Expensive lessons

Expensive lessons

Let’s take a look at the best-case scenario in the talks between Greece and its creditors. We know more or less what to expect: lower primary surplus targets that will be facilitated by an extension of maturities. I am almost certain that Prime Minister Alexis Tsipras could have achieved this concession a year ago, without the referendum, the capital controls and all the other ordeals the country has gone through. Europe’s big powers wanted an honorable compromise with the then-new leftist government and were willing to agree to such terms. Tsipras’s conservative predecessor, Antonis Samaras, did not get the same concessions – not when he achieved a primary surplus nor when the last bailout review should have been wrapped up.

It goes without saying that the above concessions would have been accompanied by all the decorative changes that followed: The troika would still have been referred to as the “institutions” and its representatives would hold their meetings at the Hilton Hotel rather than at the Finance Ministry.

Tsipras, moreover, knew that he could have achieved everything he’s going for now last year. His problem was his party, his MPs and all the pre-election promises he had made. He realized that when he tried to get his parliamentary group to back a temporary extension to the memorandum and hit a wall. Then there were those crazy negotiations that almost pushed Greece off the cliff.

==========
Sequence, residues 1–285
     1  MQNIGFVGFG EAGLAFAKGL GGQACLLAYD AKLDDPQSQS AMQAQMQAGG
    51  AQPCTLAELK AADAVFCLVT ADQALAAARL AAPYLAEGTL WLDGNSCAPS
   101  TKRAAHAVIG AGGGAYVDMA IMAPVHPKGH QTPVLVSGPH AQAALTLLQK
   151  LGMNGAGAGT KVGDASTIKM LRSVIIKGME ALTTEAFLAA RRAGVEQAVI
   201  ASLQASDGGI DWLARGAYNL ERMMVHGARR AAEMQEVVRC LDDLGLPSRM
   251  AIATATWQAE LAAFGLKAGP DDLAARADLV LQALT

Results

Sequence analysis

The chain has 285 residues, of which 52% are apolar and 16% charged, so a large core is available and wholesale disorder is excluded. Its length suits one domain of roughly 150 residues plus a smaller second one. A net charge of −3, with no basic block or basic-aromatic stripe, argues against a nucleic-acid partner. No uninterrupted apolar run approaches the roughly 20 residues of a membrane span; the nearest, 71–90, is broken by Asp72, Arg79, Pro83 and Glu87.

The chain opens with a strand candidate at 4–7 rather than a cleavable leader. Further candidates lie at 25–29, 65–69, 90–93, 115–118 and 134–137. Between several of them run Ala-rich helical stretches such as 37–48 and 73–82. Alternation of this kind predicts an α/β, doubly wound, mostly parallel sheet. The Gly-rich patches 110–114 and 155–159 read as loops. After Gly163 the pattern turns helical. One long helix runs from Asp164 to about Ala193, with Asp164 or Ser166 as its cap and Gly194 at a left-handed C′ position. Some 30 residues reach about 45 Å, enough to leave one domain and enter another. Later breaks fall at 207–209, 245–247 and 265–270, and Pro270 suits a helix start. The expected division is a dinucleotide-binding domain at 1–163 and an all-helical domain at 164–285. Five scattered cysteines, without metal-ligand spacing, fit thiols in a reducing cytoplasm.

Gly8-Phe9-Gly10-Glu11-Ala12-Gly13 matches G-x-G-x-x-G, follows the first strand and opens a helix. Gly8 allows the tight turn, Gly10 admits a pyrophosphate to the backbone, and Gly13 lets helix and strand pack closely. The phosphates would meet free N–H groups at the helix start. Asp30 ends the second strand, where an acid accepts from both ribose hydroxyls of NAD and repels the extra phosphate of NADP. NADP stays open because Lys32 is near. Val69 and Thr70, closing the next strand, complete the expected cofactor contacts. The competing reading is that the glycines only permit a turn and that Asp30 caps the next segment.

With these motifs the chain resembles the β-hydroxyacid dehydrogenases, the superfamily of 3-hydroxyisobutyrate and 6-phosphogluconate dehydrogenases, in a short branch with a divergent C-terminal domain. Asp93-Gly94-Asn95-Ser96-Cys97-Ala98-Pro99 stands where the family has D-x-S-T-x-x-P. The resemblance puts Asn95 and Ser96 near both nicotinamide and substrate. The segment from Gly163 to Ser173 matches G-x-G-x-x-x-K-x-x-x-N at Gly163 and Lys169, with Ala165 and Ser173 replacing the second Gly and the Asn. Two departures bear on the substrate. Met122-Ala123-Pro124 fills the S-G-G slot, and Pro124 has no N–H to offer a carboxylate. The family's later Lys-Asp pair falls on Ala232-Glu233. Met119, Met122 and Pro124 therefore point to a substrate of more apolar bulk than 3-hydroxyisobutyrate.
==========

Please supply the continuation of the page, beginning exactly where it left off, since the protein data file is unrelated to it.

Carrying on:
The lessons that have been learned since last year have been very expensive. Many argue that this was a growing-up process, needed so that Greeks could come to accept the fact that the memorandum was the only way forward. They may be right but I think it’s mad that the country has had to pay such a huge price because one politician failed to do his homework before being elected.

Anyway, here we are and Tsipras appears to be convinced that there is no other path. Yet the problems persist and mostly because of the camp within the government who didn’t learn and still believe that we can erase Greece’s debt, defy our partners and achieve a much better deal. This camp consists of a good deal of people and Tsipras has lost his ability to sway them. The refugee crisis, meanwhile, has made them even nuttier than they were before.

I don’t know how Tsipras will be able to convince these people that the deal he is likely to get is a good one. Most likely, a large portion of society will believe that he was sprayed with radioactive isotopes that sapped his strength and clouded his judgement. Oh yes, we’ve already heard that too.

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